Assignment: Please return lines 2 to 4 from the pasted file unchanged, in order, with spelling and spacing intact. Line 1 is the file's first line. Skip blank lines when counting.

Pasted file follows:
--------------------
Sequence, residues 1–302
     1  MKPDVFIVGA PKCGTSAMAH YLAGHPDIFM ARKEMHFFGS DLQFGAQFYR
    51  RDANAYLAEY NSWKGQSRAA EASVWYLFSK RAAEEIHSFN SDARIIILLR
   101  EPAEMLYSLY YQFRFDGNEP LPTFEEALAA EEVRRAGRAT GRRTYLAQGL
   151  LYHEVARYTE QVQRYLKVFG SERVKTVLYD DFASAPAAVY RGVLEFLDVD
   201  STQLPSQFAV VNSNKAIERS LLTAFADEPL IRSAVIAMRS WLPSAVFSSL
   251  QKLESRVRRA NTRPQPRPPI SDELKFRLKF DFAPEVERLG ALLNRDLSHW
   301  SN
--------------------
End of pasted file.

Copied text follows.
     1  MKPDVFIVGA PKCGTSAMAH YLAGHPDIFM ARKEMHFFGS DLQFGAQFYR
    51  RDANAYLAEY NSWKGQSRAA EASVWYLFSK RAAEEIHSFN SDARIIILLR
   101  EPAEMLYSLY YQFRFDGNEP LPTFEEALAA EEVRRAGRAT GRRTYLAQGL